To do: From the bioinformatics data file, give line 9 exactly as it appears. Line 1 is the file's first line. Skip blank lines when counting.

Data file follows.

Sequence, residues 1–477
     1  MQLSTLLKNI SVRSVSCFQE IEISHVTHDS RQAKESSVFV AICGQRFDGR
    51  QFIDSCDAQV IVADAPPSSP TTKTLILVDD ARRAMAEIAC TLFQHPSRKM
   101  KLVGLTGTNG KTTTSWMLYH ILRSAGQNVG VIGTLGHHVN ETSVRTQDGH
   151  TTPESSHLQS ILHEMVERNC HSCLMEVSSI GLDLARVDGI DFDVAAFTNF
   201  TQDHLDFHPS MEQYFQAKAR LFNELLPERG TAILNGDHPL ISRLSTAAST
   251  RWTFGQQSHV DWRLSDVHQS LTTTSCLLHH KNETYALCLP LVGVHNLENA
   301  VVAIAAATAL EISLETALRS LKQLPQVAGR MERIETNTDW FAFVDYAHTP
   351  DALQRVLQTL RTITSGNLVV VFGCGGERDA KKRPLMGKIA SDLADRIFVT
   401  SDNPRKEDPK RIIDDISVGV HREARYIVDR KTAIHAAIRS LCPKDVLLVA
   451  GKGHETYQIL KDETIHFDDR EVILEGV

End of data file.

   351  DALQRVLQTL RTITSGNLVV VFGCGGERDA KKRPLMGKIA SDLADRIFVT